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Terrence G. v. Commissioner of Social Security

United States District Court, W.D. Washington, Seattle

September 4, 2019

TERRENCE G., Plaintiff,
v.
COMMISSIONER OF SOCIAL SECURITY, Defendant.

          ORDER

          MICHELLE L. PETERSON UNITED STATES MAGISTRATE JUDGE.

         I. INTRODUCTION

         Plaintiff seeks review of the denial of his applications for Supplemental Security Income and Disability Insurance Benefits. Plaintiff contends the administrative law judge (“ALJ”) erred in excluding bipolar disorder as a severe impairment at step two, in discounting an examining psychologist's opinion, and in finding that he could perform his past relevant work at step four. (Dkt. # 11 at 1.) As discussed below, the Court REVERSES the Commissioner's final decision and REMANDS the case for further administrative proceedings.

         II. BACKGROUND

         Plaintiff was born in 1953, has a college degree and some graduate education, and has worked as a taxi dispatcher, fast food driver, personal caregiver, temporary laborer, and concession worker. AR at 407, 630. Plaintiff was last gainfully employed in 2015. Id. at 407.

         In October 2015, Plaintiff applied for benefits, alleging disability as of August 21, 2015. AR at 380-87. Plaintiff's applications were denied initially and on reconsideration, and Plaintiff requested a hearing. Id. at 290-303, 206-25, 329-20. After the ALJ conducted a hearing on July 11, 2017 (id. at 201-31), the ALJ issued a decision finding Plaintiff not disabled. Id. at 13-23.

         Utilizing the five-step disability evaluation process, [1] the ALJ found:

Step one: Plaintiff has not engaged in substantial gainful activity since the alleged onset date.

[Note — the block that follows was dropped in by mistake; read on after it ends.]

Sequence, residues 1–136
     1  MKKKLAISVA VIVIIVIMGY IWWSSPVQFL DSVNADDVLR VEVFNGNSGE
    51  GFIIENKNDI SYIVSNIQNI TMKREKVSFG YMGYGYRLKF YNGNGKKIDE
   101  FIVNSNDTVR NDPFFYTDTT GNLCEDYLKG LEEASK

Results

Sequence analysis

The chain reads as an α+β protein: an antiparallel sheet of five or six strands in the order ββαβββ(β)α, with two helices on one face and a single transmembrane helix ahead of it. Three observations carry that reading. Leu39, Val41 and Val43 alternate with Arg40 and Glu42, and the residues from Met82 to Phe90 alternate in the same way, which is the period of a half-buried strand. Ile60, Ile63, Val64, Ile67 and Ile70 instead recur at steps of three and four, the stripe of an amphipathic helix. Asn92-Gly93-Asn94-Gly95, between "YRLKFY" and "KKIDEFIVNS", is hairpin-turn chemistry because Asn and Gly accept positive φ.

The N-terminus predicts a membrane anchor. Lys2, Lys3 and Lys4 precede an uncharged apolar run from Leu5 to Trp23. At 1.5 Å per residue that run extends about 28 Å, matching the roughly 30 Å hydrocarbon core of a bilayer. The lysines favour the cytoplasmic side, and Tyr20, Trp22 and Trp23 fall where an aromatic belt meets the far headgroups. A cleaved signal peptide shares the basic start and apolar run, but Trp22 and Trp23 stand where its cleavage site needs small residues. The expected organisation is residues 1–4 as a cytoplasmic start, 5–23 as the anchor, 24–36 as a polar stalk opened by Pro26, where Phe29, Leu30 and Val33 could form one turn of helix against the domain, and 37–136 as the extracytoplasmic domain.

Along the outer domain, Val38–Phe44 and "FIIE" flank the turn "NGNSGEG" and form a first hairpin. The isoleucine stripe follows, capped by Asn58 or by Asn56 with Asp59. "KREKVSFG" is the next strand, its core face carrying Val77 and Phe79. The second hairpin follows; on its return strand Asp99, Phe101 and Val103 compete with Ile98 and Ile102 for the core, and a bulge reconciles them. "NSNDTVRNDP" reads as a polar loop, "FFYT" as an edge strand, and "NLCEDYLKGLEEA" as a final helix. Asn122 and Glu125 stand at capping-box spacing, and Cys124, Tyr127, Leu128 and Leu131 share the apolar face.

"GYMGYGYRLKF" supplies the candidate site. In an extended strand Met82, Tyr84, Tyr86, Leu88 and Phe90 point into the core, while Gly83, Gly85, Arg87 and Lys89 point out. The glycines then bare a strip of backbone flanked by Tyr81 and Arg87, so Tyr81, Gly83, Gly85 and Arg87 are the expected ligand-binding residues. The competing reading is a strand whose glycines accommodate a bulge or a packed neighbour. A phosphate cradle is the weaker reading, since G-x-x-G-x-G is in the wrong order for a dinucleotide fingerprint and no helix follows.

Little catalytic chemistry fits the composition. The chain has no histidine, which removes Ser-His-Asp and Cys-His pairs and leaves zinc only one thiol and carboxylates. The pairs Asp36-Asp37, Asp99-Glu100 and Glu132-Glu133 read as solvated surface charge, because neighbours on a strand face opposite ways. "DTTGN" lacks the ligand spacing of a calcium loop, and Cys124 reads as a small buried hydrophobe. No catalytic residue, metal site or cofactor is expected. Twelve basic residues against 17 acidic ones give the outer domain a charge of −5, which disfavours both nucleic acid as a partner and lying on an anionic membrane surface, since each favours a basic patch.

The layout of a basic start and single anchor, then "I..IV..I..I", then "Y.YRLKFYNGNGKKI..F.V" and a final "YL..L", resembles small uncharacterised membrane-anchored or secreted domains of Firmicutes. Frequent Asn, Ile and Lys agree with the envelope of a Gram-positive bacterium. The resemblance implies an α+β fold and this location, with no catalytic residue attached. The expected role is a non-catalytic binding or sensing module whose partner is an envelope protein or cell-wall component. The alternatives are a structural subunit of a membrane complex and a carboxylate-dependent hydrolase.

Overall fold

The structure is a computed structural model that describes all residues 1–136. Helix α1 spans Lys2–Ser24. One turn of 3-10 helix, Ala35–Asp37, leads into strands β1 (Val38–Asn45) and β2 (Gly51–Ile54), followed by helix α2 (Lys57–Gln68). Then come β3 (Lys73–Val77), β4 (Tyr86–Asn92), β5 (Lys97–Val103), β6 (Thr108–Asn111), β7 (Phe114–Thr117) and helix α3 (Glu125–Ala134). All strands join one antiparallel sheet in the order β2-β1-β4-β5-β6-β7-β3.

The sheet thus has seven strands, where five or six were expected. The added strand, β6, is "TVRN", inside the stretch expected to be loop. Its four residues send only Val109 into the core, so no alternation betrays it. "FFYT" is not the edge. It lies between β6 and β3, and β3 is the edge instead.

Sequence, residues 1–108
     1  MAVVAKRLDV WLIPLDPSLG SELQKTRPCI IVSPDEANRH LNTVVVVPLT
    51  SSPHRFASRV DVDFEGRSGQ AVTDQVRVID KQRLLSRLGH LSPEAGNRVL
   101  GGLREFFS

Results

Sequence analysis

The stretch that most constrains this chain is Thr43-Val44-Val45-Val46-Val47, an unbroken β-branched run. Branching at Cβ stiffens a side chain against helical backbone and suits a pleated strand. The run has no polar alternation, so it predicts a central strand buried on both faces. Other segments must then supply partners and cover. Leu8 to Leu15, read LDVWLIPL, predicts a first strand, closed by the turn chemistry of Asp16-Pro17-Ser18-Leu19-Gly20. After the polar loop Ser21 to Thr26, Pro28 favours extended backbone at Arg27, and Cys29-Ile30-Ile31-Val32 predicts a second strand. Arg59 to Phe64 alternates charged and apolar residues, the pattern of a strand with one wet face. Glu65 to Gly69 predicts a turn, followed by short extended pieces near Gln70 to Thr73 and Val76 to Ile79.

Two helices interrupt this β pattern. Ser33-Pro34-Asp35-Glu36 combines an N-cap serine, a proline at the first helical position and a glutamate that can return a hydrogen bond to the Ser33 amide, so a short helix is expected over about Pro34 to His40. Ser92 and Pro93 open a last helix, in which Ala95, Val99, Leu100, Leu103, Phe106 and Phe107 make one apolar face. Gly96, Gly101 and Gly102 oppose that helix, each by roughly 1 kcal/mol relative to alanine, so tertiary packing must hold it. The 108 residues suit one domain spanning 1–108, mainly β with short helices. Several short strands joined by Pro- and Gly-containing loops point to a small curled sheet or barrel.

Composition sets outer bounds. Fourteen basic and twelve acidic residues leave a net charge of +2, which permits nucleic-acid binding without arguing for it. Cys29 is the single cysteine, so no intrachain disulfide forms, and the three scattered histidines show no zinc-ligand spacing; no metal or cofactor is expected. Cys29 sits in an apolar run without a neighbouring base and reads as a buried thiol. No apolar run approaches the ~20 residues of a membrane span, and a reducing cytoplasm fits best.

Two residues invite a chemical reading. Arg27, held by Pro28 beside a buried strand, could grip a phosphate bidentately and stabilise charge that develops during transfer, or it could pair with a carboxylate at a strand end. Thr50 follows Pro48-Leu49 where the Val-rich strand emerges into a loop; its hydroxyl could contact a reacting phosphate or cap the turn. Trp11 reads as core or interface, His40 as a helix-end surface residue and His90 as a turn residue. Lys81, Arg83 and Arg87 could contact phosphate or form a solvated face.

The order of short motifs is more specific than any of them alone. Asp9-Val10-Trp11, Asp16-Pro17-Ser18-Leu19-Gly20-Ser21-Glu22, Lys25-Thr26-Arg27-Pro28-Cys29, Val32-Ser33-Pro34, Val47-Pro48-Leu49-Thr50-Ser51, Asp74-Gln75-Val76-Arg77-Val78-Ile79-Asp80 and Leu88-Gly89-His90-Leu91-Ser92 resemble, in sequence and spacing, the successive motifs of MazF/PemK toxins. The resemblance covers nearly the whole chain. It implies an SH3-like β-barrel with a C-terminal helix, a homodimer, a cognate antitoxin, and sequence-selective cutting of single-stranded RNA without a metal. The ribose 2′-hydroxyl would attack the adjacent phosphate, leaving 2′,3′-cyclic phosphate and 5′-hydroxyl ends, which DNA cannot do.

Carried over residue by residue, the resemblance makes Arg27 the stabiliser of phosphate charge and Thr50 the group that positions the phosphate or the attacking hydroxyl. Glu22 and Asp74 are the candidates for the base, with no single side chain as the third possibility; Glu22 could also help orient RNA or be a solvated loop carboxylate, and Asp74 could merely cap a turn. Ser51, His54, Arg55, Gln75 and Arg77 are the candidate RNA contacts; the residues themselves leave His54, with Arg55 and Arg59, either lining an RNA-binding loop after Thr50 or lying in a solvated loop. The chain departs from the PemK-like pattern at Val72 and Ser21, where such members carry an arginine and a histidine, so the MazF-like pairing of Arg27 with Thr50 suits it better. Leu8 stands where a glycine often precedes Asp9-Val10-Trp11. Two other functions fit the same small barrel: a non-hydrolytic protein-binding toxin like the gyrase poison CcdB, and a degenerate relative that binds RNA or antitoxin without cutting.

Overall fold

Step two: Plaintiff's lithium toxicity is a severe impairment.
Step three: This impairment does not meet or equal the requirements of a listed impairment.[2]
Residual Functional Capacity (“RFC”): Plaintiff can perform light work with additional limitations: he can lift/carry 20 pounds occasionally and 10 pounds frequently. He can stand and/or walk six hours in an eight-hour workday. He can frequently climb ramps and stairs, stoop, and crawl. He must avoid concentrated exposure to extreme cold, vibration, and hazards such as heights and dangerous moving machinery. He has sufficient concentration, persistence, and pace for complex and detailed tasks performed in two-hour increments with usual and customary breaks throuought an eight-hour workday. He should have only occasional contact with supervisors and he should not work in coordination with his co-workers (i.e., he can work in the same room with co-workers but no coordination of such as in a conveyer belt situation where the final product is dependent on each other).
Step four: Plaintiff can perform past relevant work and is therefore not disabled.

AR at 13-23.

         As the Appeals Council denied Plaintiff's request for review, the ALJ's decision is the Commissioner's final decision. AR at 1-7. Plaintiff appealed the ...


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